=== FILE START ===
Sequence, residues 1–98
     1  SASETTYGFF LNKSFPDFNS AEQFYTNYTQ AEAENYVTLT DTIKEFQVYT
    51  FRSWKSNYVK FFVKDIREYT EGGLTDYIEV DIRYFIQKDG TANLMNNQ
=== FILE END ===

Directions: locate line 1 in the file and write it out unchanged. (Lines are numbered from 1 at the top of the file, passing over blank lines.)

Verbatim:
Sequence, residues 1–98